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GRANTM FANY HMA RUZ

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1 non-PAUSE user.

Jonathan Swartz

NAME

HTML::Mason::ApacheHandler - Mason/mod_perl interface

SYNOPSIS

    use HTML::Mason::ApacheHandler;

    my $ah = new HTML::Mason::ApacheHandler (..name/value params..);
    ...
    sub handler {
        my $r = shift;
        $ah->handle_request($r);
    }

DESCRIPTION

The ApacheHandler object links Mason to mod_perl, running components in response to HTTP requests. It is controlled primarily through parameters to the new() constructor.

PARAMETERS TO THE use() DECLARATION

The following are parameters to pass explicitly when using HTML::Mason::ApacheHandler. e.g.

    use HTML::Mason::ApacheHandler (args_method=>'mod_perl');
args_method

Method to use for unpacking GET and POST arguments. The valid options are 'CGI' and 'mod_perl'; these indicate that a CGI.pm or Apache::Request object (respectively) will be created for the purposes of argument handling. These objects are, unfortunately, not yet accessible from components.

'CGI' is the default and should work on most Perl systems. However, if you have the Apache::Request package (or are inclined to fetch it from CPAN), you might switch to 'mod_perl' for speed and memory efficiency.

When specifying args_method='CGI', the Mason request object ($m) will have a method called cgi_object available. This method returns the CGI object used in the ApacheHandler code.

When specifying args_method='mod_perl', the $r global is upgraded to an Apache::Request object. This object inherits all Apache methods and adds a few of its own, dealing with parameters and file uploads. See Apache::Request manual page for more information.

PARAMETERS TO THE new() CONTRUCTOR

apache_status_title

Title that you want this ApacheHandler to appear as under Apache::Status. Default is "HTML::Mason status". This is useful if you create more then one ApacheHandler object and want them all visible via Apache::Status.

auto_send_headers

True or undef; default true. Indicates whether Mason should automatically send HTTP headers before sending content back to the client. If you set to false, you should call $r->send_http_header manually.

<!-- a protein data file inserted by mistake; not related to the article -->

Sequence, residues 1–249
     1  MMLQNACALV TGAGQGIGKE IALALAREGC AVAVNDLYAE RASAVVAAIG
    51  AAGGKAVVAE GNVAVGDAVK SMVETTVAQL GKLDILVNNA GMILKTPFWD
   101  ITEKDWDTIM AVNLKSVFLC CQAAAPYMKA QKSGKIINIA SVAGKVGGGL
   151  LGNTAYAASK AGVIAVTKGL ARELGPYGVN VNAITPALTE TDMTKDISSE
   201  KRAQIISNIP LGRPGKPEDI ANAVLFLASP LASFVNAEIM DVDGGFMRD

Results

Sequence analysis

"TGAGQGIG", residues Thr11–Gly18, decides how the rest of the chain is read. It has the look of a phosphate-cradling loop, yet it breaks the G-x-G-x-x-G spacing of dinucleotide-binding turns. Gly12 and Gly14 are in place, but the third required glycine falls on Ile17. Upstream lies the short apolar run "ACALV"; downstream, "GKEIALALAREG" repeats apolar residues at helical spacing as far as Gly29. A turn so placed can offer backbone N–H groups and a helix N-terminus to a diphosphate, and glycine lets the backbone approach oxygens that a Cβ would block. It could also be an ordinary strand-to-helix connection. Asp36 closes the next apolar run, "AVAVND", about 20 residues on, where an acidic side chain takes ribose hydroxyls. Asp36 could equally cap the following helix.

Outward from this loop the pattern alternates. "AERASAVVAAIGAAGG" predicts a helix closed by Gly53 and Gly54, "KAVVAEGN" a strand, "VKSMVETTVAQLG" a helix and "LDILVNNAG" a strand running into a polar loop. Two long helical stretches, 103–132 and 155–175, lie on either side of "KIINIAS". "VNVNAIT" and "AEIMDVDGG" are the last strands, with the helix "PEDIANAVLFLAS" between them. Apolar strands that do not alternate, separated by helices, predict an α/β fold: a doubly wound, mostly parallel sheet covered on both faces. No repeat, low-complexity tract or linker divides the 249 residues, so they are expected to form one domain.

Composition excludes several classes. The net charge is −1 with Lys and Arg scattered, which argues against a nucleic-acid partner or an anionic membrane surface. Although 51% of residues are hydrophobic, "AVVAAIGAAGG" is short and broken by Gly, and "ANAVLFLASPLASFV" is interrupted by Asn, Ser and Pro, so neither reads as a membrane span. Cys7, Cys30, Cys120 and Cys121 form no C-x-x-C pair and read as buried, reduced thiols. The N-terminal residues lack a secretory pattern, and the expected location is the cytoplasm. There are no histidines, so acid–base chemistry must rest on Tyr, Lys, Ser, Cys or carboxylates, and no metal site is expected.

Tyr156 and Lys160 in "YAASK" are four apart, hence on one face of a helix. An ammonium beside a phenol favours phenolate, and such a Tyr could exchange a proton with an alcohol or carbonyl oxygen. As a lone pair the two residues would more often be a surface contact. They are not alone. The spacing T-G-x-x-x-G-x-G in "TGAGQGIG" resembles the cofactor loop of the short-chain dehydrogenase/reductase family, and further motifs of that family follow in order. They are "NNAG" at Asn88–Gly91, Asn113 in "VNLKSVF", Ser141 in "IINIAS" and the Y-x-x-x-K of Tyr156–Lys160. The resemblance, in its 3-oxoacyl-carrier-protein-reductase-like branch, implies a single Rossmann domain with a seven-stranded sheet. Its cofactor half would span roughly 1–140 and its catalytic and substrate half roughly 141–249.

See the "sending_http_headers" in HTML::Mason::Devel of the Component Developer's Guide for details about the automatic header feature.

debug_handler_proc, debug_handler_script, debug_mode, debug_perl_binary

The debug_* parameters control Mason's use of debug files. Component "debugging" in HTML::Mason::Admin procedures are fully described in the Mason Administrator's Guide.

decline_dirs

Indicates whether Mason should decline directory requests, leaving Apache to serve up a directory index or a FORBIDDEN error as appropriate. Default is 1. See "Allowing directory requests" in HTML::Mason::Admin for more information about handling directories with Mason.

error_mode

Specifies how to handle Perl errors. Options are 'html', 'fatal', 'raw_html', and 'raw_fatal'; the default is 'html'.

In html mode the handler sends a readable HTML version of the error message to the client. This mode is most useful on a development server.

In fatal mode the handler simply dies with a compact version of the error message. This may be caught with an eval around $ah->handle_request or left for Apache to handle. In the latter case the error will end up in the error logs. This mode is most useful on a production server.

The raw_html and raw_fatal modes emulate pre-1.02 error behavior. They are analagous to the modes above except that the errors are not processed for readability or compactness. The resulting messages are much longer, but may include information accidentally omitted by Mason's processing.

Regardless of this setting, no readability processing occurs if you have overriden the "die_handler" in HTML::Mason::Interp Interp parameter.

output_mode

This parameter has been replaced by the equivalent Interp parameter "out_mode" in HTML::Mason::Interp. For backward compatibility, setting $ah->output_mode will cause $interp->out_mode to be set appropriately.

top_level_predicate

Reference to a subroutine that decides whether a component can answer top level requests. This allows for private-use components that live within the DocumentRoot but are inaccesible from URLs. By default, always returns 1.

The subroutine receives one parameter, the absolute path to the component. It then returns either a true (serve component) or false (reject component). In this example, the predicate rejects requests for components whose name starts with an "_" character:

    top_level_predicate => sub { $_[0] !~ m{/_[^/]+$} }

ACCESSOR METHODS

All of the above properties have standard accessor methods of the same name: no arguments retrieves the value, and one argument sets it. For example:

    my $ah = new HTML::Mason::ApacheHandler;
    my $errmode = $ah->error_mode;
    $ah->error_mode('html');

AUTHOR

Jonathan Swartz, swartz@pobox.com

SEE ALSO

HTML::Mason, HTML::Mason::Parser, HTML::Mason::Interp, HTML::Mason::Admin